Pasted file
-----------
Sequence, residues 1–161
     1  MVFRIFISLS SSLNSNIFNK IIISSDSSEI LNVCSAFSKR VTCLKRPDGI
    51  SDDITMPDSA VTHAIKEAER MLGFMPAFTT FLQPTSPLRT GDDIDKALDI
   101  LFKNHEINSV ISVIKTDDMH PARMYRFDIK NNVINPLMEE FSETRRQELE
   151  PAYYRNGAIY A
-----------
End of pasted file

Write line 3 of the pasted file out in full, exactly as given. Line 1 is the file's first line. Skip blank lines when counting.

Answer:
    51  SDDITMPDSA VTHAIKEAER MLGFMPAFTT FLQPTSPLRT GDDIDKALDI